Referring now to the drawings by reference character, a preferred embodiment of the invention is illustrated in FIG. 1, including a case 10 with wristwatch type straps 12 so the diver may conveniently mount the instrument on his wrist. Alternatively, the instrument may be mounted in a conventional diver's console along with a submersible pressure gauge (not shown). A pair of manually operated button switches 14, 16 are illustrated for controlling various functions of the instrument. In a preferred embodiment, two more such switches are provided on the other side of the case (not shown) from switches 14, 16, in approximately the same position, plus one switch (not shown) on the back side 10 for on and off battery power.
Turning now to FIG. 2, the basic components of the instrument include the case 10, a plastics material or rubber boot 18, filled with an oil which is non-conductive to C-mos, above 1 meg. ohm, a p.c. mounting board 20 for mounting on its reverse side the pressure sensor 22 and (see FIG. 3) a power source or battery 24, a low battery capacitor 26, a trimming capacitor 28 and a microprocessor 30, and on its obverse side a pair of LCD readouts 32 and 34, a transparent crystal 36 over the readouts 32 and 34, and a bezel 38, threaded to case 10 at 40 to hold all of the components in assembly.
Referring now to FIGS. 4, 5, 6 and 7, one embodiment of pressure sensor 20 and the direct digital input and tracking system of the invention will be discussed. A pressure responsive, linearly movable bellows assembly 42 has an end 44 fixed to a mounting block structure 46 secured to p.c. board 20 by mounting screws 48 through slots 50 so the assembly 42 may be adjustable for calibration purposes. The bellows has an interior 52 sealed at 1 atmosphere of pressure. Thus, with increasing ambient pressure, the bellows 42 will contract. Since end 44 is fixed, end 54 will move linearly in response to ambient pressure variation.
Movable end 54 includes a block 56 mounting a plurality of spring finger contacts 58 therebeneath, these being eight in number in this embodiment of the invention, as shown in FIG. 7. Contacts 58 track along respective binary input lines 60 which are arrayed in preplanned fashion on a base 62. (Ordinarily, lines 60 will be produced by photoetching). Signals generated are conveyed to microprocessor 30 by leads 64 (FIG. 4). To assure precise linear movement of bellows end 54, a pair of guide rods 66 are provided, through blocks 56. Coil return springs 68 are mounted about rods 66 to assist movement of block 56 and bellows end 54 to a bellows expanded state, or to the left in the sense of FIG. 4, when ambient pressure decreases.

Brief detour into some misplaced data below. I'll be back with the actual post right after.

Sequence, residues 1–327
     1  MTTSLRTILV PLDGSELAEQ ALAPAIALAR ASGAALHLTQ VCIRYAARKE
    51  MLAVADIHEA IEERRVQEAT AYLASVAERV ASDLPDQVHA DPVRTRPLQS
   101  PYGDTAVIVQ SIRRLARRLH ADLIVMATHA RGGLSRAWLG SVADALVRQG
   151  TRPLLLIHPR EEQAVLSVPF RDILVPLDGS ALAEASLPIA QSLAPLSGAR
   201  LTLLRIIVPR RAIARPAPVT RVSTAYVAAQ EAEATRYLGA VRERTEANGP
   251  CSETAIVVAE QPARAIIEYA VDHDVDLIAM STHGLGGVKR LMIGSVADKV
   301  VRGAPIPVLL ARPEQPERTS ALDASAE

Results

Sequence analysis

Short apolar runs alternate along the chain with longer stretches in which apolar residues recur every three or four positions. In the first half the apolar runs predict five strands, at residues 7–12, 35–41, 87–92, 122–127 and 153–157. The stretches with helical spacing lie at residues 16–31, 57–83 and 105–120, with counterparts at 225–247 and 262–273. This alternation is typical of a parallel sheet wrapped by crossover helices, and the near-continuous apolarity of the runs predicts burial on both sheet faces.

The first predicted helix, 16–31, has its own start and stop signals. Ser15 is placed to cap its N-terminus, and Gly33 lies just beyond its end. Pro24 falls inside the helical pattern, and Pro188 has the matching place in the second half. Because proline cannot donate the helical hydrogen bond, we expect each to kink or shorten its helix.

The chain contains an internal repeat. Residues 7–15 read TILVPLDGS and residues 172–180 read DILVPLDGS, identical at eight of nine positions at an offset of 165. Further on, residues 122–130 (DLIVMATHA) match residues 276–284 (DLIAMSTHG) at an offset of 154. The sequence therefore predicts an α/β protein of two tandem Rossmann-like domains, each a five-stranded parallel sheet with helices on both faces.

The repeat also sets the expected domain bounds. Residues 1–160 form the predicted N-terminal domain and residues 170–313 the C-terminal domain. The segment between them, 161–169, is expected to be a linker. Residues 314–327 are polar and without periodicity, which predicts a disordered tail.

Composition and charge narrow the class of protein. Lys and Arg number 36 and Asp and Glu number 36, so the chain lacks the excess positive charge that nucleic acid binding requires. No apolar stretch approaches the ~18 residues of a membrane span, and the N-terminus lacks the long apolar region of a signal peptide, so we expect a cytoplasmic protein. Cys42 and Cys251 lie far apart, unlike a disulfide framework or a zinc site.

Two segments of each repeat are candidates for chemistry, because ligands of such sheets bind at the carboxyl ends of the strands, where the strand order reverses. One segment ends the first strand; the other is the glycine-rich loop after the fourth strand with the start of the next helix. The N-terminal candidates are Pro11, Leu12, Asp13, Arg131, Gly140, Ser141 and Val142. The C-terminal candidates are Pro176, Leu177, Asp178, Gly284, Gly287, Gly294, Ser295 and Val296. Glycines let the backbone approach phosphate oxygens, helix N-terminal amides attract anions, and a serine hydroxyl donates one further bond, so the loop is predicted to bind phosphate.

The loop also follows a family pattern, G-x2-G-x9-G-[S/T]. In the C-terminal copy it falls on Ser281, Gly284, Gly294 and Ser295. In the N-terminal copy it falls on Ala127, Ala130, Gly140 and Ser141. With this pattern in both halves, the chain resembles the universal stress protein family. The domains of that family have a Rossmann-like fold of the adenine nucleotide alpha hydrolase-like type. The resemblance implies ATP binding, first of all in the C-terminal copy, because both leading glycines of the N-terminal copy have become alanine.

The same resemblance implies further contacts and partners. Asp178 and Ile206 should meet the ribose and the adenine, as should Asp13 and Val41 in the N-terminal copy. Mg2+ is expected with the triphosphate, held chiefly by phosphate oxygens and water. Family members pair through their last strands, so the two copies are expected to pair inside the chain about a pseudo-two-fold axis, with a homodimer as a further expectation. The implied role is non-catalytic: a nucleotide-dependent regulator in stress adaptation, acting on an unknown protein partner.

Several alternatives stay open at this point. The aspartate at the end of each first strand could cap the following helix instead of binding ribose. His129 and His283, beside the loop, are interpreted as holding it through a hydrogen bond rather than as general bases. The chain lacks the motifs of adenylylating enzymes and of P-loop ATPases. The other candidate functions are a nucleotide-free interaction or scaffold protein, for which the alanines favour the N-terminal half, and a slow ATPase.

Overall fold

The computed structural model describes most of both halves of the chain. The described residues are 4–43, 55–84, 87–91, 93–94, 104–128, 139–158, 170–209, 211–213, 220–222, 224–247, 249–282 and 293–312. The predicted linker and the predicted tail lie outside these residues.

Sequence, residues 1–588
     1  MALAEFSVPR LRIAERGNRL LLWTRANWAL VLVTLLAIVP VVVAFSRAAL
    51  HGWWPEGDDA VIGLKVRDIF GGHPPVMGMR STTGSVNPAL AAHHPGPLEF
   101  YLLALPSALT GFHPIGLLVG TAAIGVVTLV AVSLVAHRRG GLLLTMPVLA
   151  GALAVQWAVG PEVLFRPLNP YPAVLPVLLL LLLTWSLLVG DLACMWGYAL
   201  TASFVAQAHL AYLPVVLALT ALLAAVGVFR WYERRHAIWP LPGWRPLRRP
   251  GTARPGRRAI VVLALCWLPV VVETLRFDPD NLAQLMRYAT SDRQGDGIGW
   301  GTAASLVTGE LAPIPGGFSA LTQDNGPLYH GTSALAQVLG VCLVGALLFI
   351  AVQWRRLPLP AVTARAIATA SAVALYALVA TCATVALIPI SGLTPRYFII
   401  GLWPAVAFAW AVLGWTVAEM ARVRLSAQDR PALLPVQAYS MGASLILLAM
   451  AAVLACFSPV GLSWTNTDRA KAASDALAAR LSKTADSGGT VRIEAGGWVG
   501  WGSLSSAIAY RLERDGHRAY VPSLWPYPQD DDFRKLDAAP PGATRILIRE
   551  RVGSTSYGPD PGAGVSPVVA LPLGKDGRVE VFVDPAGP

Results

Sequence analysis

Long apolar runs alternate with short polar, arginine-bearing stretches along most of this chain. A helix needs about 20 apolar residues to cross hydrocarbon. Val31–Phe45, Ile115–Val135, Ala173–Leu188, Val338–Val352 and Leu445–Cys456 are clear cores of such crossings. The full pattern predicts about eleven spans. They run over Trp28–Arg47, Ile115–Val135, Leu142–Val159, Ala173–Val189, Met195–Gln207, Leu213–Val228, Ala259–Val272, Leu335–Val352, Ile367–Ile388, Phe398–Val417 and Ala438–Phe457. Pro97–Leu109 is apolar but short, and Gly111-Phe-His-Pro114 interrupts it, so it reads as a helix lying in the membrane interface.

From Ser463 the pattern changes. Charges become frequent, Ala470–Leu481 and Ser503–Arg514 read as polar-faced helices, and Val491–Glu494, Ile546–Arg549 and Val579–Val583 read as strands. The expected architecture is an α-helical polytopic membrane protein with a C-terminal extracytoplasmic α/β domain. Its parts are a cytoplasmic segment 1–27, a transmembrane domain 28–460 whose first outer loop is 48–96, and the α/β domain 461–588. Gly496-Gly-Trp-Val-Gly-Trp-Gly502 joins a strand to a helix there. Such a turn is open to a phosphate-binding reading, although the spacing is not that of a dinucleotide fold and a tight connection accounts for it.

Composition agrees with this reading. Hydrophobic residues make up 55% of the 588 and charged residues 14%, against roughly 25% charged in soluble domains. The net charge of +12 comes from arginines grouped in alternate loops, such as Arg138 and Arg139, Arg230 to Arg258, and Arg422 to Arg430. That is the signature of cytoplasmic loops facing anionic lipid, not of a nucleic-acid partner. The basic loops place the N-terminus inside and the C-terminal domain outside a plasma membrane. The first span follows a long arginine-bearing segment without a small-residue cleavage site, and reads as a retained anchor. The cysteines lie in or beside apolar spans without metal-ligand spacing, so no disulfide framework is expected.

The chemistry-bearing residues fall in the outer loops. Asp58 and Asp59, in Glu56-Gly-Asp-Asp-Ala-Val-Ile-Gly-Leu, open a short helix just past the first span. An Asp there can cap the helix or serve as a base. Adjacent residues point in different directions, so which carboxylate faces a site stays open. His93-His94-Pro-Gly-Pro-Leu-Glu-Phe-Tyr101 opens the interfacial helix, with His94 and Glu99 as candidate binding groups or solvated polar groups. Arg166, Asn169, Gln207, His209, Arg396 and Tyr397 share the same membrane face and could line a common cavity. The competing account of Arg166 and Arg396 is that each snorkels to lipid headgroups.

A preferred embodiment of bellows assembly 42 is illustrated generally in FIGS. 9 and 10 and is referred to by reference numeral 42'. A mounting block 46' fixes end 44' of bellows 42'. Instead of block 56, a guide plate 70 is mounted on movable end 54' of bellows 42'. A concentric guide tube 72 is mounted over bellows 42' and includes a pair of opposed extensions 74 which ride in opposed slots 76 formed in tube 72, to thus assure linear movement of bellows end 54'. The constructions and arrangement of contacts 58 and binary lines 60 is the same as hereinbefore described. A single return spring 78 is concentrically mounted between bellows 42' and tube 72. End 44' is sealed, ordinarily, but may be opened for ambient pressure input in other applications of this invention.
A preferred embodiment of binary lines 60 is illustrated in FIG. 11. The lines are patterned in binary code fashion to provide transmission of data to the computer or microprocessor 30. In this instance, seven input lines numbered A0 through A6 are provided. Contacts 58 will track from left to right with increasing pressure which is converted by microprocessor 30 to display depth in feet of water at display 34 (FIG. 8). A timing clock in microprocessor is started when 10 feet of pressure is sensed, in line A0 at 80 and displayed at 32 (FIG. 8). Upon return of the diver to the surface, the clock will automatically stop when fingers 58 move to the left of point 82 on line A0 (actually, this will occur about 2 feet below the surface.) At the extreme right hand side of FIG. 11, a binary input 84 is indicated, in this embodiment, contact of a finger 58 with input 84 causes the displays 32 and 34 to flash, indicating that the depth limits of the instrument (in this case, 253 feet) have been exceeded.